A new addition for 2015, is the new RF DESS key that improves upon the outgoing design with a new ball-and-socket mount, allowing for easy and quick starts every time. Even at full throttle, the only sound resonating in your ears will be the whipping of wind and the laughter coming from your passengers because Sea-Doo’s D-Sea-Bel system (decibel, get it?) combines a “series of resonators and vibration-absorbing components” to mute the GTI’s exhaust note, allowing for a quiet, enjoyable ride.

Above left: Two of Sea-Doo’s most praised features include the use of digital “fly-by-wire” electronic throttle control, iTC, and iBR. Above right: iBR, Intelligent Brake & Reverse allows riders to come to a halt in half the distance of non-brake equipped watercraft.

As is with all of Sea-Doo’s 2015 lineup, most dramatic changes to Sea-Doo’s Recreation series were the addition of very polarizing color schemes. Available in either Manta Green or Maldives Blue, the GTI 130 is splashed with some vibrant hues sure to catch your eye. The blue is broken up with a black hood and Manta Green highlights, and we actually found the Maldives Blue very pleasant in person and find it a fun departure from the typical primary colors found on so many other machines.

We expressed concern whether sales of the Spark were “cannibalizing” those of the GTI, to which America’s Motorsports Chris Watts assured that, “while the Spark is a great seller and gets people in the door, many find that they want a more stable craft with more storage. We almost always get these people on a GTI. They love it.” And sure enough, the GTI lineup remains some of Sea-Doo’s most popular watercraft for those same reasons.

Special thanks to America’s Motorsports for use of the 2015 Sea-Doo GTI 130.

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Kevin Shaw

Editor-in-Chief – Kevin Shaw is a decade-long powersports and automotive journalist whose love for things that go too fast has led him to launching The Watercraft Journal. Almost always found with stained hands and dirt under his fingernails, Kevin has an eye for the technical while keeping a eye out for beautiful photography and a great story.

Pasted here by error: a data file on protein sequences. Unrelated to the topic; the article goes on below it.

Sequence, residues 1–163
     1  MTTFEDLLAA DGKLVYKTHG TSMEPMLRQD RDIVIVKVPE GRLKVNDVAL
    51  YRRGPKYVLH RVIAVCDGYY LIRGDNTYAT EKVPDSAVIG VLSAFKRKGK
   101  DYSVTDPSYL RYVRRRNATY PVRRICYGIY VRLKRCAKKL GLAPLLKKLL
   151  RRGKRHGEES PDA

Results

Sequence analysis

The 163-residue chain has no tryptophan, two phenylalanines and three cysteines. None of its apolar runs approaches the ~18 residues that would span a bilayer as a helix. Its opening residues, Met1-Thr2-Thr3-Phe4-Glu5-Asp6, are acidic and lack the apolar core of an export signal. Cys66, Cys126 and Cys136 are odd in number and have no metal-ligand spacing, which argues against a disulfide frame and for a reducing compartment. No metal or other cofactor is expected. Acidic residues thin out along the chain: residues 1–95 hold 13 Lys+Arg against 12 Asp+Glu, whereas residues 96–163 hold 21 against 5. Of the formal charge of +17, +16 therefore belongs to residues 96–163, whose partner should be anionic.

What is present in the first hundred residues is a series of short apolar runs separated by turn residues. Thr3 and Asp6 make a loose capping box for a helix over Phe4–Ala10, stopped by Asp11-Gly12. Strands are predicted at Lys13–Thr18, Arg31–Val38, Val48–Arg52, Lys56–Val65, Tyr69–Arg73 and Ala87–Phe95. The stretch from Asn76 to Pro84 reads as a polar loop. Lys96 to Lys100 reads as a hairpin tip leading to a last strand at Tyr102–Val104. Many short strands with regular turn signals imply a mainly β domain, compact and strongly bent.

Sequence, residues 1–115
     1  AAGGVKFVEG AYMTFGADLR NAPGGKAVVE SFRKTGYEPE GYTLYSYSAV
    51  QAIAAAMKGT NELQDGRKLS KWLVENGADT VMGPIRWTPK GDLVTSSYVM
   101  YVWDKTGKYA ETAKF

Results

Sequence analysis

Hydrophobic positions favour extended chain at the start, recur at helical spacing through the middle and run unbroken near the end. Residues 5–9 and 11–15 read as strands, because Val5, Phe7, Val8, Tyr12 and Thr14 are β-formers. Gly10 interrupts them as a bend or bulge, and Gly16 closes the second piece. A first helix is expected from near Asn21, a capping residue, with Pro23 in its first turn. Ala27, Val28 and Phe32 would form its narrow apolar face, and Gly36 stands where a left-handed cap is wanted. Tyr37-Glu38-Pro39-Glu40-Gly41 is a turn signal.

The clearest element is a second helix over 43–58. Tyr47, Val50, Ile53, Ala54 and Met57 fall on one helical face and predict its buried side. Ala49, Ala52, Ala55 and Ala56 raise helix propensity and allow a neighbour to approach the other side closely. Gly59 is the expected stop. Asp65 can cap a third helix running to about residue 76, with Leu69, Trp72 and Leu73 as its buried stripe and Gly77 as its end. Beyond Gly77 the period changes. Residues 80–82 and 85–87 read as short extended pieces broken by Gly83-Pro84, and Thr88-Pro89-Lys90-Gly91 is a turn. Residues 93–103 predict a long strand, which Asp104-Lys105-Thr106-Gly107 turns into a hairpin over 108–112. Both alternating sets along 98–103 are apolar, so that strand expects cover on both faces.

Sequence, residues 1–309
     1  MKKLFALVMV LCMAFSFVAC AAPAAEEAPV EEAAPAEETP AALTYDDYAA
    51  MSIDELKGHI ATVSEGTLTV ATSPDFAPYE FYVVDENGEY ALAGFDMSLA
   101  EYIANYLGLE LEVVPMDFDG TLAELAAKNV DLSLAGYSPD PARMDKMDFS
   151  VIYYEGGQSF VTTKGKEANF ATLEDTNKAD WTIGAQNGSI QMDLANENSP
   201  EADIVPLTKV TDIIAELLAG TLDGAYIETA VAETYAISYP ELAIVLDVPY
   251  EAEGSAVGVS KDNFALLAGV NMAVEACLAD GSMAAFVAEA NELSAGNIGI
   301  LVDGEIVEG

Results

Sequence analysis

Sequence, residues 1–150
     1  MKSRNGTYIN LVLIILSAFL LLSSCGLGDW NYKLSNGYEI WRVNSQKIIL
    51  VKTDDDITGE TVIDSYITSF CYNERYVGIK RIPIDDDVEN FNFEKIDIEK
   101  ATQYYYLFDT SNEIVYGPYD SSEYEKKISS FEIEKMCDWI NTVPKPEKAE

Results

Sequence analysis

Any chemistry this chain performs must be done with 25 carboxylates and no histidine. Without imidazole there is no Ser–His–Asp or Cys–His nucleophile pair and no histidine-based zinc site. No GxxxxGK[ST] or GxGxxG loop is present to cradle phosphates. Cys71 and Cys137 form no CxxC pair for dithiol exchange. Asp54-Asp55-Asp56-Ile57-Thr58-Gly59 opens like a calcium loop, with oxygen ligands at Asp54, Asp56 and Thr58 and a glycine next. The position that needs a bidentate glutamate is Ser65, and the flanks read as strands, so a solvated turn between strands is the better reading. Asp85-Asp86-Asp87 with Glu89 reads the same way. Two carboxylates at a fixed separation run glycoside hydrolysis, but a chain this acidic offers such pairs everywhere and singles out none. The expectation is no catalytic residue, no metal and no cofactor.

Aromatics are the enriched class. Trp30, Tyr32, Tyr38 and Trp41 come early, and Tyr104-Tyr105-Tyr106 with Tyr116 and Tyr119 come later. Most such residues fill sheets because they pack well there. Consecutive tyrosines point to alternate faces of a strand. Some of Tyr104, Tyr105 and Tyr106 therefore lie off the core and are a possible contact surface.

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  1. Stu Coutts 15 May, 2015 at 17:40 Reply

    I have 2012 Gti which is my first foray in the PWC world. I sold my boat as it was too much hassle setting up and organising other people to come along when I wanted to go fishing. I looked around and settled on the Seadoo over the Yamah VX . Mainly due to the reviews I had read at the time between the two models.
    I haven’t regretted my decision and have had a real blast and there’s enough speed to put a ear to ear grin on your face.
    I’ve been impressed with the fuel economy over my old 130 Yamaha S/W. Series outboard. Now I get about 3 trips out where I used to be able to a afford 1. No comparison between boat and PWC I know but that’s where I came from.
    My Seadoo setup for fishing with cradle and fish box on rear and a Raymarine Chartplotter sounder worth it weight in gold.
    Some of my best catches on the ski. I think that’s partly due to its small footprint that does frighten skitterish fish as much as a larger boa and more probably you can scoot around a wide area for use of little fuel. I typically do around 30 – 40 nautical miles on trip.
    I’ve send surf lifesaving clubs on Australia’s Gold Coast use these as rescue craft they tow a for want of better word a “body board” behind them. So that’s a good indication of ability of the craft if chosen as rescue craft they must be pretty good.
    My only gripe and it’s a serious safety issue as I found out first hand with a passenger when I took a tumble close to shore and trying to get two people back on the craft in the chop and speed of tide became a problem. Anyone can jump on when you are able to plant your feet on the sea floor but it’s different when you are floating with just neck above the water. In a nutshell I purchased and had fitted a boarding step which cost $600 NZ !
    Surely, the boarding step is not an luxury but rather should be treated by the manufacturer as being water safety responsibility. That’s the only thing I would change with this model.
    Fishing off these craft is great but you do have to be careful when fighting some of the larger fish and when nature calls balancing becomes an art. 🙂